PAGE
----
topic-hedai0000026 News Coverage on Heart Disease - CTNow
RSS feeds allow Web site content to be gathered via feed reader software. Click the subscribe link to obtain the feed URL for this page. The feed will update when new content appears on this page.

Heart Disease

A collection of news and information related to Heart Disease published by this site and its partners.

Top Heart Disease Articles

Displaying items 210-220
  • Study casts doubt on some findings about sodium

    Study casts doubt on some findings about sodium
    Are Americans getting mixed messages about how much sodium they should be consuming? Lately, yes, and some of those messages are muddled because studies themselves are muddled, a panel of doctors has concluded. The Institute of Medicine panel...
  • Prescription for nutrition

    Prescription for nutrition
    Despite a growing consensus that cardiovascular disease is a "food-borne" illness, many physicians are ill-prepared to advise patients on what they should eat to best protect them from heart attack or stroke. One provocative new study found that a...
  • Aging U.S. to drive up heart-related health costs: study

    Aging U.S. to drive up heart-related health costs: study
    WASHINGTON (Reuters) - The costs linked to heart failure in the United States are expected to more than double within the next two decades as the population ages and treatments help patients with the disease live longer, a study released on Wednesday...
  • Fish tied to lower colon cancer risk: study

    Fish tied to lower colon cancer risk: study
    NEW YORK (Reuters Health) - People who eat plenty of fish may have a lower risk of colon and rectal cancers, a new report suggests. The finding comes from an analysis of 41 past studies on the link between fish in the diet and new diagnoses and deaths...
  • Beans show promise in diabetes

    Beans show promise in diabetes
    NEW YORK (Reuters Health) - Downing a cup of beans or lentils every day may help people with type 2 diabetes control their blood sugar and possibly reduce their risk of heart attacks and stroke, according to a small study out today. Researchers found...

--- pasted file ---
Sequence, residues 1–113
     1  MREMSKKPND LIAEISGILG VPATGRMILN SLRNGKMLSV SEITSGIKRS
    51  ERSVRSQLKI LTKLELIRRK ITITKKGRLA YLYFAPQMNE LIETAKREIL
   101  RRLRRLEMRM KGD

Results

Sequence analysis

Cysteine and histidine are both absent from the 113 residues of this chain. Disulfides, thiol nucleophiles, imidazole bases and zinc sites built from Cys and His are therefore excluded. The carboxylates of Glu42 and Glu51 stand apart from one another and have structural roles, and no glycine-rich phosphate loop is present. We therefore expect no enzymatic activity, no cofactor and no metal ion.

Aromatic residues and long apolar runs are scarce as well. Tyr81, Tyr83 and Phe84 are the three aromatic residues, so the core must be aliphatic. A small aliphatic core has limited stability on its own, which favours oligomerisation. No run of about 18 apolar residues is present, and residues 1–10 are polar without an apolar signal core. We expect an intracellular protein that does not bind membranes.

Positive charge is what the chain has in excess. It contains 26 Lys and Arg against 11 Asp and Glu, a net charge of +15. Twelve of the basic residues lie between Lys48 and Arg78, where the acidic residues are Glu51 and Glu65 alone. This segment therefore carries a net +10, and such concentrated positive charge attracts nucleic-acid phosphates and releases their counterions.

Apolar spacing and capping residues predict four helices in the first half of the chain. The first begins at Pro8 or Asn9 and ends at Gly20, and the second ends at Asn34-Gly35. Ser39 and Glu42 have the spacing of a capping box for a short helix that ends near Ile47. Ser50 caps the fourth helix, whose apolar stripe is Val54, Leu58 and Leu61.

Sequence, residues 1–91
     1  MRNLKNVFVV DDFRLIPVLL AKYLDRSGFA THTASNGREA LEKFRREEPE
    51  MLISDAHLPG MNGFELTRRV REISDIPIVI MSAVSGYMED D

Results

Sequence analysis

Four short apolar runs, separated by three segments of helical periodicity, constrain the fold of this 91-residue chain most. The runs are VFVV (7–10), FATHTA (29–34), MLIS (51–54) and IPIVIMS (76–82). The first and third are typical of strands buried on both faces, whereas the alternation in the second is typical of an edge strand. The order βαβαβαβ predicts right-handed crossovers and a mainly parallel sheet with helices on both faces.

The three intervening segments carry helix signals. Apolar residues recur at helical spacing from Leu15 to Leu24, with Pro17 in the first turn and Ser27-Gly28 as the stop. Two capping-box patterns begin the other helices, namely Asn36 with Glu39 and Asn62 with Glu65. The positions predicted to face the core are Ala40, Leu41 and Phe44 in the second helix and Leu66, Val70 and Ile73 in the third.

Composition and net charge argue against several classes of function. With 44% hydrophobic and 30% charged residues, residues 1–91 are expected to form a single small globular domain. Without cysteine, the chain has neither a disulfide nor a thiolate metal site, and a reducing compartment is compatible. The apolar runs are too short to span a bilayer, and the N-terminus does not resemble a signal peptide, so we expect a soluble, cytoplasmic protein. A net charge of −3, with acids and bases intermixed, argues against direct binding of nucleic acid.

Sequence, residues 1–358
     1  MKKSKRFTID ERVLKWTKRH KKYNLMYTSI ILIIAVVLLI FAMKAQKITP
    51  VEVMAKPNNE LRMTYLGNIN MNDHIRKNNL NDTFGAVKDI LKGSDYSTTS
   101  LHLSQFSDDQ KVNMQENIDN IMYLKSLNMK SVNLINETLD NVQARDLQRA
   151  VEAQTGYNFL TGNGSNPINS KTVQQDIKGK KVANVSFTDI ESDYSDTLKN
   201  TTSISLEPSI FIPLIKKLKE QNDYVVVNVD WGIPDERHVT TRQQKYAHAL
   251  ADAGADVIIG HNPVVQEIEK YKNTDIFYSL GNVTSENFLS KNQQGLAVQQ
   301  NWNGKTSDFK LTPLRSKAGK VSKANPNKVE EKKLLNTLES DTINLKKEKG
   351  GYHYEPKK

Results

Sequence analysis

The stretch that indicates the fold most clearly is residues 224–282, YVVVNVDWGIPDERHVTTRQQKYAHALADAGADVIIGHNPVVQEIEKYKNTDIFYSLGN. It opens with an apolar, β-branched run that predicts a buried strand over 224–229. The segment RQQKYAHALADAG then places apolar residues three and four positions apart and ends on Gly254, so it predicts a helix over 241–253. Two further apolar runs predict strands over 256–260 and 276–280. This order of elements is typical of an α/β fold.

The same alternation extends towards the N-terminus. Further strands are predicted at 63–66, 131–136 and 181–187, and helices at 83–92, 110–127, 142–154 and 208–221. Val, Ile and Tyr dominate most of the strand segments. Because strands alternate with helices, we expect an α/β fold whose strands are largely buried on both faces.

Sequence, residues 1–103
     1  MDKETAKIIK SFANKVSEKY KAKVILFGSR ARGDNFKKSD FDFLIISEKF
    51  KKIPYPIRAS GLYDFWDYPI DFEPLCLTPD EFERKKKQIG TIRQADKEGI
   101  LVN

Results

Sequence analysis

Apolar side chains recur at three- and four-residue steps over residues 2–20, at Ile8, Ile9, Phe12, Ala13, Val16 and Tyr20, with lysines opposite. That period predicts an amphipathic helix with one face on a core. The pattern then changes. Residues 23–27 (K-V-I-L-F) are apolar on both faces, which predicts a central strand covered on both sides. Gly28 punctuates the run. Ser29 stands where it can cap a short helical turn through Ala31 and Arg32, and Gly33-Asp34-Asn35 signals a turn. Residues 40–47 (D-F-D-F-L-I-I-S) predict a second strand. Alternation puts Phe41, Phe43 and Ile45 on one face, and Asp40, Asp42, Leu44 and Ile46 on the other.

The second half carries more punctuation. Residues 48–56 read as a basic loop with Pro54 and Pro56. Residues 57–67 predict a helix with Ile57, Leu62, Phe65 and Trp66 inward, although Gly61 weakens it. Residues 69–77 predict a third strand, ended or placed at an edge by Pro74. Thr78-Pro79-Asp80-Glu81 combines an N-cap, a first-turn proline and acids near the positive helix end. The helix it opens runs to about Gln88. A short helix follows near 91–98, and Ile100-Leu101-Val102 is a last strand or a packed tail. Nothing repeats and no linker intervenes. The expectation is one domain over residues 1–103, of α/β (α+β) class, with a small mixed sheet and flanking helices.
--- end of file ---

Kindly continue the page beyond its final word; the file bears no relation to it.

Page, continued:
• Exercise tied to lower risk of psoriasis: study

    Exercise tied to lower risk of psoriasis: study
    NEW YORK (Reuters Health) - Results from a large U.S. study suggest women who regularly exercise vigorously, including runners and aerobics buffs, may be less likely to get psoriasis than less-active women. Researchers have known that people who are...
  • Obese women at increased risk of developing rheumatoid arthritis

    Obese women at increased risk of developing rheumatoid arthritis
    Obese women may have an increased risk of developing rheumatoid arthritis — adding one more chronic illness to the list of ills brought on by extra pounds. Women with rheumatoid arthritis are already more prone to heart attacks than the general...
  • Study suggests lower risk of death for coffee lovers

    Study suggests lower risk of death for coffee lovers
    NEW YORK (Reuters Health) - In a new study of 400,000 older Americans, those who reported drinking a few daily cups of coffee were less likely to die over the next 14 years than were those who abstained from the beverage or rarely drank it. But that...
  • Healthier treats? Sweet!

    Healthier treats? Sweet!
    All snack food is not created equal. Some are sweetened with high fructose corn syrup while others use honey. Some are stuffed with white flour while others use more creative — and healthier — options. Snack and candy-makers launched their...
  • Death rate drops among Americans with diabetes — CDC

    Death rate drops among Americans with diabetes — CDC
    ATLANTA (Reuters) - A 40 percent decline in the death rate of diabetic American adults from heart disease and strokes is a sign that patients are taking better care of themselves and receiving improved treatment, according to a government study released...
  • Researchers eye saliva for patient testing

    Researchers eye saliva for patient testing
    No one likes to get stuck with a needle. But it's the only way doctors can get blood to test for diabetes, anemia and numerous other health problems. Scientists at the Johns Hopkins University School of Nursing say there is a much less invasive and...